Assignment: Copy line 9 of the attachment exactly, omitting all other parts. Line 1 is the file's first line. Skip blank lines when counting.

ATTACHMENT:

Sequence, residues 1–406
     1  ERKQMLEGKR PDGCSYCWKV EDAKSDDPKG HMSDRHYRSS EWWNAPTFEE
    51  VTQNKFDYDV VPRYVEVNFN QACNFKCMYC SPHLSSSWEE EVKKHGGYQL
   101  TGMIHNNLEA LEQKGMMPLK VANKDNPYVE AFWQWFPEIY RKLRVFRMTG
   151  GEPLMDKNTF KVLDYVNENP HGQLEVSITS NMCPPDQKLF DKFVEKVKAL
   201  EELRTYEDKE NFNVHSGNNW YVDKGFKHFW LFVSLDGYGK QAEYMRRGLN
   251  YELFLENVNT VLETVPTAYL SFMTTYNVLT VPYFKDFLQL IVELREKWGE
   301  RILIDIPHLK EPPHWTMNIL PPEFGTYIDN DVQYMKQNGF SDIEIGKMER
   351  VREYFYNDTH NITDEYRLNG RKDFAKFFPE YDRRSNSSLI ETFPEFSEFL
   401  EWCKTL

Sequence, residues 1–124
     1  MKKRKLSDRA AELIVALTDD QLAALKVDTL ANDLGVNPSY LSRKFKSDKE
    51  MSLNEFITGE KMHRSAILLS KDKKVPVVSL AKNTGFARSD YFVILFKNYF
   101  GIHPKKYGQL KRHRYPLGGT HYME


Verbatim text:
   351  VREYFYNDTH NITDEYRLNG RKDFAKFFPE YDRRSNSSLI ETFPEFSEFL